From endless ladder to downward ramp


A couple of months ago, in the post “The Myth of the Endless Ladder,” I critiqued the widespread assumption that progress in production technology, such as advances in robotics and analytical software, inevitably “frees humans up to work on higher-value tasks,” in the words of economics reporter Annie Lowrey. While such a dynamic has often been true in the past, particularly in the middle years of the last century, there’s no guarantee that it will be true in the future. Evidence is growing, in fact, that a very different dynamic is now playing out, as computers take on more analytical and judgment-making tasks. In place of the endless ladder, we may now have what MIT economics professor and labor-market expert David Autor calls a “downward ramp.” The latest wave of automation technology appears to be “freeing us up” for less-interesting and less-challenging work.

In a New York Times column, Thomas Edsall points to new research, by economists Paul Beaudry, David Green, and Ben Sand, that suggests a widespread erosion in the skill levels of jobs since the year 2000. If in the 20 years leading up to the turn of the millennium we saw a “hollowing” of mid-skill jobs, with employment polarizing between low-skill and high-skill tasks, we now seem to be seeing a rapid loss of high-skill jobs as well. From top to bottom, the researchers report, workers are being pushed down the skill ramp:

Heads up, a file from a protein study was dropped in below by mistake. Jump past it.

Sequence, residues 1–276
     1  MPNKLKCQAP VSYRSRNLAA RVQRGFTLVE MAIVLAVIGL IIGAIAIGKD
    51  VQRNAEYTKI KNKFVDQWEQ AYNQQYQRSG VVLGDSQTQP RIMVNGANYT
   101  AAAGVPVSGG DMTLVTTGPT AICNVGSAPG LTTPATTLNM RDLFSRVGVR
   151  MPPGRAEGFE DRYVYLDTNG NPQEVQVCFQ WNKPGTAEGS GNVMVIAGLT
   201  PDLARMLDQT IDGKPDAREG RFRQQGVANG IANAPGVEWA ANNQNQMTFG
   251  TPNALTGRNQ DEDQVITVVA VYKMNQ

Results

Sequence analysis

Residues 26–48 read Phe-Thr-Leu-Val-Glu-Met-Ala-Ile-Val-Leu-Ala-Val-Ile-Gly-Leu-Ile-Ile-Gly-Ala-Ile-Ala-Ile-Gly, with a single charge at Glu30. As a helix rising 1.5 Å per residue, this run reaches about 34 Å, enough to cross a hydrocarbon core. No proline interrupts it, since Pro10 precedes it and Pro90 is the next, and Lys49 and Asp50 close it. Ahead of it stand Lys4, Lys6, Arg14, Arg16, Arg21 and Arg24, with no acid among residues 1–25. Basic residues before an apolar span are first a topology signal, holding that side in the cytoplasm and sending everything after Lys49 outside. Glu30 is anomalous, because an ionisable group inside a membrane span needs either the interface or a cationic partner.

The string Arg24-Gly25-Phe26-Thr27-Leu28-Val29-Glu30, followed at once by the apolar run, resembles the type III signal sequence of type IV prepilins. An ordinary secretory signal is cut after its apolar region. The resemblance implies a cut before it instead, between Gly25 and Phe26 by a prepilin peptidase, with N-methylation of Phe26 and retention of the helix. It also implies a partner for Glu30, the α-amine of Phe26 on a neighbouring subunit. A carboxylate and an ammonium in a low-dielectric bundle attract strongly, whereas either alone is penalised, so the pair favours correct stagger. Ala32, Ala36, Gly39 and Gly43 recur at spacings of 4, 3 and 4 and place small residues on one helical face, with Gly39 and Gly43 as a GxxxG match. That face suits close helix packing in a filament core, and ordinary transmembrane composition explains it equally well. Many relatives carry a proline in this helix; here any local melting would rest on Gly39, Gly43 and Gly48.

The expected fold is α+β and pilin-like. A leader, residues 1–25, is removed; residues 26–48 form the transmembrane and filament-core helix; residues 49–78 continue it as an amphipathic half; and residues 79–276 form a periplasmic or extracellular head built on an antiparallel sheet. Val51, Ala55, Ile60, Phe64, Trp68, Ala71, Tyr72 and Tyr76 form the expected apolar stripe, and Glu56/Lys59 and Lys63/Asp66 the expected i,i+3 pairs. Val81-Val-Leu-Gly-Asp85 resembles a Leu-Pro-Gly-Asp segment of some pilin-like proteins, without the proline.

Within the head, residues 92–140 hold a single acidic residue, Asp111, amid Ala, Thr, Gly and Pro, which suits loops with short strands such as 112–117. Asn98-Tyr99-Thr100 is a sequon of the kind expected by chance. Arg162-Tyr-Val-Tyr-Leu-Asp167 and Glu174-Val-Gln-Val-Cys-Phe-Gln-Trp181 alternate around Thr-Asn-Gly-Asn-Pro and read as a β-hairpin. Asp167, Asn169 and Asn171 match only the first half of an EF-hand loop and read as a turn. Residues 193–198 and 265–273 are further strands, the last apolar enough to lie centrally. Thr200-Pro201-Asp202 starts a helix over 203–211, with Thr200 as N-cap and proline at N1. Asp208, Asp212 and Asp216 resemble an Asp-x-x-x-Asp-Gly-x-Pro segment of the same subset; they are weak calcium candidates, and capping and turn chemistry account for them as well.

After two decades of growth in the demand for occupations high in cognitive tasks, the US economy reversed and experienced a decline in the demand for such skills. The demand for cognitive tasks was to a large extent the motor of the US labor market prior to 2000. Once this motor reversed, the employment rate in the US economy started to contract. As we have emphasized, while this demand for cognitive tasks directly effects mainly high skilled workers, we have provided evidence that it has indirectly affected lower skill workers by pushing them out of jobs that have been taken up by higher skilled worker displaced from cognitive occupations. This has resulted in high growth in employment in low skilled manual jobs with declining wages in those occupations, and has pushed many low skill individuals out of the labor market.

Beaudry, Green, and Sand encapsulate the new deskilling trend in this remarkable chart, which documents the intellectual demands of the jobs taken by college graduates*:

downward ramp